Classic Groats n Oats Buckwheat Granola
Winter Kissed Farm - Stevensville
Lifeline Farm - Victor
Moss Farm - Rollins
Western Montana Growers Co-op - Missoula
Buck Yeah Granola - Bozeman
Celeriac, Kohlrabi, & Apple Coleslaw
Serve with any kind of meat, fish, or veggie main dish. The dressing shouldn't be heavy, but if you prefer no mayo whatsoever, try it with a good-tasting olive oil instead. Recipe adapted from Ollie Moore. Serves 4 as a side.
1/2 a celeriac, trimmed and peeled, then cut into julienne - celeriac can vary greatly in size, so use your best judgement if you need more or less than 1/2
1 medium kohlrabi bulb, trimmed, peeled, cut into julienne
1-2 apples, cut into julienne
1 heaping tsp chives, chopped - sub finely chopped green onion, or omit if needed
1 heaping tsp parsley, chopped - substitute any fresh, tender herb you like, or perhaps ~1/4 tsp dried dill
1 tsp shallot, finely diced
1 Tbs mayonnaise
Juice of 1/2 a lemon
Salt, to taste
An hour before you want finished coleslaw, place the julienned celeriac and kohlrabi in a colander or sieve placed over a bowl. Toss with a generous pinch of salt and let drain for ~1 hour to help draw out moisture and prevent the coleslaw from getting overly soggy.
Towards the end of the drain time, in a clean bowl big enough to hold everything, whisk together the herbs, mayonnaise, shallot, and lemon juice. Wait to add salt until you've combined everything - you may not need more.
After an hour of draining, squeeze the celeriac and kohlrabi to remove a bit more moisture, then transfer veggies to the bowl with the dressing.
Add the apple and mix everything together thoroughly so that the celeriac, kohlrabi and apple are lightly coated in the lemon and herb dressing. Taste for seasoning and adjust as needed.
Serve immediately, or refrigerate.
Notes: If julienning is not for you, you can grate the vegetable on the large holes of a box grater, or use the grater attachment of a food processor. Some mandolins have a julienne setting as well, if you happen to have one. I prefer the texture of the julienne slice for this coleslaw, but it's not always practical if you're not adept at it.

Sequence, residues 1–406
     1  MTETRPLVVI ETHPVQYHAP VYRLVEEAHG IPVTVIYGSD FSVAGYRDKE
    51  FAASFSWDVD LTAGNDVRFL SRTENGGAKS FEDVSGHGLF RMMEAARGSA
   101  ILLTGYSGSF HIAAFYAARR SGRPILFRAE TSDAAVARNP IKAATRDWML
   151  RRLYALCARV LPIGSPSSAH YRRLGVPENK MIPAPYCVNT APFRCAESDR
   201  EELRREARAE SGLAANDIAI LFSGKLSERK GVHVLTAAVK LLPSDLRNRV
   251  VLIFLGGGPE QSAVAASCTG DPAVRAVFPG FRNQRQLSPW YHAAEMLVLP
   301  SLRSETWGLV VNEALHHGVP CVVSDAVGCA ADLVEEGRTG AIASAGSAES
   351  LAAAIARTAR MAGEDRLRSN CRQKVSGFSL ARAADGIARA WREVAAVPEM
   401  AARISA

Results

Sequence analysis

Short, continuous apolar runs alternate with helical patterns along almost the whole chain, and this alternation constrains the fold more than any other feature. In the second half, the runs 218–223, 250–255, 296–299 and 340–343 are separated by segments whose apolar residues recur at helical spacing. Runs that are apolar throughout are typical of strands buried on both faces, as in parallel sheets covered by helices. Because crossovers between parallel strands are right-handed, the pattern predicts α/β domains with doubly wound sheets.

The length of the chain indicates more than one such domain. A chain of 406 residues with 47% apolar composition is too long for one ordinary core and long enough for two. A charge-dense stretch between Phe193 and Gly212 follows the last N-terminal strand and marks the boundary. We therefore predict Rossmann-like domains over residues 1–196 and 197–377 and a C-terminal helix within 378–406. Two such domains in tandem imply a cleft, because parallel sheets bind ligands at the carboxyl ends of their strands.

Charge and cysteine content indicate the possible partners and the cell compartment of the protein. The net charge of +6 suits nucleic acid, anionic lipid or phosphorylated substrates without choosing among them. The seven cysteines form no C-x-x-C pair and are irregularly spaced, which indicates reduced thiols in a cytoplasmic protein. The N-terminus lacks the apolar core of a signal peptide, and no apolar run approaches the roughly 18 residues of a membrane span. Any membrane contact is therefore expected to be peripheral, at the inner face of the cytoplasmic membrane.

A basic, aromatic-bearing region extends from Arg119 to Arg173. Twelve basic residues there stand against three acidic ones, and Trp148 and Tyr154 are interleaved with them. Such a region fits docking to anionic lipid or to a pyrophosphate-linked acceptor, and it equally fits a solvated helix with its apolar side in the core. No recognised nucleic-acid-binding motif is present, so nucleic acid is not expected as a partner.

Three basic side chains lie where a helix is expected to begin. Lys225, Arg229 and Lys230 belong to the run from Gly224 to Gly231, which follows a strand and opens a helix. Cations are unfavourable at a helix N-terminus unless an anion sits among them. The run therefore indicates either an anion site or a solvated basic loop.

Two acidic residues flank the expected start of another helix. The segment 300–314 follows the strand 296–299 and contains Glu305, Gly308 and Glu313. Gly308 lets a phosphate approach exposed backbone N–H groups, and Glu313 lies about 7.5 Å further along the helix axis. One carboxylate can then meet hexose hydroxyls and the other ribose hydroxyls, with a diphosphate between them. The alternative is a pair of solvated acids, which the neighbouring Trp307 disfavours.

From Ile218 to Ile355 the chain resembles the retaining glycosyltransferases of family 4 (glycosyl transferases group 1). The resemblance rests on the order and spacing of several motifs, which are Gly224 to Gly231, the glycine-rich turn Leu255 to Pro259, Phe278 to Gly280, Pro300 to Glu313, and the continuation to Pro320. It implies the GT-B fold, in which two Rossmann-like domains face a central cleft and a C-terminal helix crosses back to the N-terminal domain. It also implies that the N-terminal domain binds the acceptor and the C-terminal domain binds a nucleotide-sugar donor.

Buttermilk Granola Muffins (w/ huckleberries or apples, if you want)
I doubt you need a recipe to enjoy this granola, or the fruit. Dish it up with some good yogurt and you're on your way to a delicious and healthy breakfast. It's fun to have some options all the same. This recipe adapted was from King Arthur. Makes 12 muffins.
2 C whole wheat flour
up to 1 C brown sugar, packed - see notes
3/4 tsp salt
1 tsp baking powder
1/2 tsp baking soda
3/4 tsp cinnamon
1 C classic buckwheat granola
1 tsp vanilla extract
1/3 C vegetable oil
1 1/2 C buttermilk - see notes for substitutes
Optional: add up to 1 C huckleberries, or small-diced apple
Preheat the oven to 400 F. Lightly grease the cups of a standard muffin pan, or line with paper baking cups.
Whisk together all of the dry ingredients, including the granola. If there are large clusters of granola, break them up first.
In a separate bowl, whisk together the vanilla, vegetable oil, and buttermilk or juice.
Pour the liquid ingredients into the dry ingredients, stirring just to combine.
If adding fruit, gently fold it in once the batter is just combined.
Spoon the batter into the prepared muffin cups, filling them nearly full. Don't expect them to rise much - they're denser muffins.
Bake the muffins for 16 -18 min, or until a toothpick inserted into the middle of a muffin from the center of the pan comes out clean.
If you'd like, you can add a little more granola to the tops of the muffins for the last 5 min or so of baking. Don't do it much sooner or it might burn.
Remove the muffins from the oven. When they're cool enough to handle, transfer from the pan to a wire rack to continue cooling. Serve warm, or at room temperature.
Store leftovers loosely wrapped at room temperature.
If you don't have - or don't want to get - buttermilk, you can make a mock version with ~1 1/4 C regular milk + 1 1/2 Tbs lemon juice or white vinegar. Just whisk them together before adding to the remaining liquid ingredients. Or, skip the dairy altogether by using 1 1/4 C fruit juice instead. If you do use fruit juice, you will likely want to decrease the sugar by 1/4 C or so to account for the extra sweetness. Same goes for adding the fruit - you certainly don't have to cut back on the sugar, but you can.
Additional Recipe Suggestions
Find recipes here for a Broccoli/Kohlrabi Salad, as well as Tempura Vegetables that could use any number of veg.
Or, this page features Kohlrabi & Leek Soup and a Kohlrabi & Apple salad with cheese and nuts.
3 Celeriac recipes you don't want to miss: Whole Roasted Celeriac with Coriander, Celeriac Hash, and Celeriac Soup w/ Bacon & Hazelnuts